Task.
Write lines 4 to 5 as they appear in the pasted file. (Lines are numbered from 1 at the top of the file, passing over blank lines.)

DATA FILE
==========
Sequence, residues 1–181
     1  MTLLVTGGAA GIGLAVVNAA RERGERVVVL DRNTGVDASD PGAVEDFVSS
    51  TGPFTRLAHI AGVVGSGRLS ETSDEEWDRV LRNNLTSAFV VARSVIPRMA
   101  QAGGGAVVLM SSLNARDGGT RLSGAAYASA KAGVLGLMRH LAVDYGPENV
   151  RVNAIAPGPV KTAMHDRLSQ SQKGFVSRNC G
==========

   101  QAGGGAVVLM SSLNARDGGT RLSGAAYASA KAGVLGLMRH LAVDYGPENV
   151  RVNAIAPGPV KTAMHDRLSQ SQKGFVSRNC G